Tank magazine

I regard Mendel as an essential influence in the development of my practice. His Drowning World series is a very direct influence on both the message and content of my future work.

Bill Viola
Viola is a video artist who often deals with a body or bodies in extreme states. Much of his work deals with human bodies in or overwhelmed by water. Whilst he does not explicitly address climate change, his work depicts the sort of accidents and immersions in which humans might be involved in a world where the waters have risen.

Royal Academy introduction to Bill Viola

Humans need a “just right” relationship with water. Too much and we drown, too little and we die of thirst. Immersion in water can signify baptism (renewed life) or death by drowning. Many of our cities are right by the sea. Rising sea levels will transform the water from the reason for a city’s existence to its destroyer.

This is a review from The Guardian of Viola’s show at the Royal Academy in 2019. I was deeply moved by his work. The reviewer seems less enamoured.

A passage from the review leapt out at me:

“When faced with the challenge of depicting life – that invariably fascinating state between the birth and death – he finds himself never able to offer much more than images of suspended animation”.

How often do we hear the phrase “just keeping my head above water”. In this sense, water represents the perils and complexities of life, both natural and man-made. Viola’s depiction of life as treading water becomes personally painful and communally apocalyptic.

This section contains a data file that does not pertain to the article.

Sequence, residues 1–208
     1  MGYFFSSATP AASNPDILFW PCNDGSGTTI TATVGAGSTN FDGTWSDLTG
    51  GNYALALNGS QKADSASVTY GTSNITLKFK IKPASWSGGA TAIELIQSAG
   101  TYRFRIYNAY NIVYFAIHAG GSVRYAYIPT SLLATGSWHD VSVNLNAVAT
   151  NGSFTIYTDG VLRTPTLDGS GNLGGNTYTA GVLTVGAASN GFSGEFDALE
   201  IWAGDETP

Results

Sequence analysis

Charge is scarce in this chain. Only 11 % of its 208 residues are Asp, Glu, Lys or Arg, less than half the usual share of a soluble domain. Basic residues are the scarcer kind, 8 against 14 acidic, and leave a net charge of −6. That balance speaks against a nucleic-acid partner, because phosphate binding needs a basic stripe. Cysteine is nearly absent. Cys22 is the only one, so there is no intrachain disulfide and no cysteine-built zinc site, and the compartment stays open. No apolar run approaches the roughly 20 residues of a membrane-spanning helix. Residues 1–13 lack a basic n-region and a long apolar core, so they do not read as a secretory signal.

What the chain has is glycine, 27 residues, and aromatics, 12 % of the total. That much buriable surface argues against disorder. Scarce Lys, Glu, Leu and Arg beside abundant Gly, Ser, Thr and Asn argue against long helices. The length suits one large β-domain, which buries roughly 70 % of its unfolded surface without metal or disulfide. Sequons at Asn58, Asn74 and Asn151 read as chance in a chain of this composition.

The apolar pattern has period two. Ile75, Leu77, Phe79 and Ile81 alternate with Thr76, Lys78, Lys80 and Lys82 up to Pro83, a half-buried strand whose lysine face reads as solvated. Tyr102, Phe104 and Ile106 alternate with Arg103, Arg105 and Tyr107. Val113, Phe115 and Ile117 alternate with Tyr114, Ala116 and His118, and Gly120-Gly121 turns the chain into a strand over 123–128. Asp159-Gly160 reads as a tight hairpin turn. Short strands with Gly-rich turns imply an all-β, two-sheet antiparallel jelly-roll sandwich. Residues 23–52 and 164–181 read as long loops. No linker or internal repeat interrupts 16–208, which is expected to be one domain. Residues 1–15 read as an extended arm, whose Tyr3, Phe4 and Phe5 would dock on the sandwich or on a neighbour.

ArtNet is a little kinder and is more sympathetic to the RA premise that both Michelangelo and Bill Viola deal with a similar subject matter: the passage of the soul through earthly life.

I am drawn to Viola by his work depicting a crashing together of people and water. His work shows the imbalance between the power of huge volumes of water and human fragility. This imbalance will be played out again and again as the effects of the climate emergency are seen across the world.

Léon François Comerre
This 19th-century French artist, best known for paintings of attractive women, is included on the basis of one work; The Flood of Noah and his Companions. This picture appears as the featured image for this post.

Biblical scenes have been a staple of European classical painting for over 500 years. The Great Flood from the book of Genesis has inspired many artists and examples of the flood genre are compared in this article by Eclectic Light.

Comerre’s The Flood of Noah appears in this comparative article. I find this work quite compelling. It seems to capture the misery and peril of its subjects to an extent that other depictions of the same event fail to do. It has made that much of an impression that I would like to recreate it as a photograph to form the centrepiece of a project depicting people imperilled by water.

Curiously, the picture is such an outlier to Comerre’s style that it doesn’t even merit a mention in appreciations of his career, such as this from an Italian arts website:

Or this video compilation

Despite my interest in the painting, I have found very few other commentaries on it. The Eclectic Light article is the most comprehensive that I have found. In some ways, this makes the image more intriguing. It stands alone, free from interpretation.

Planned Work.

New work will address the relationship between human beings and overwhelming water. The working title is “And The Waters Increased”. Individuals and groups will be depicted in various relations to water. I have created a collection of inspiring pictures at

As stated above, I plan a recreation of the Comerre painting to form a centrepiece of the new work. Initial planning suggests I would need a team of around 25 people to execute this: models, safety team, rainmaker, catering and photography director. I have never attempted anything on this scale before, so careful planning is in progress for this work.

Going forward, my project work will be informed by the climate emergency, inspired by Comerre and Medel and focused on producing evocative images on the theme of conflict with water.